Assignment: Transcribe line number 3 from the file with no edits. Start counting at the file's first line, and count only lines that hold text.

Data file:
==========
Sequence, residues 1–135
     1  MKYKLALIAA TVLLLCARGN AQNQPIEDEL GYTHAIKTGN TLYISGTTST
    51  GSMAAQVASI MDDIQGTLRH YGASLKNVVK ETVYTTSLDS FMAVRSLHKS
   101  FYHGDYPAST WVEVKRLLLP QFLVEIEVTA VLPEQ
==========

    51  GSMAAQVASI MDDIQGTLRH YGASLKNVVK ETVYTTSLDS FMAVRSLHKS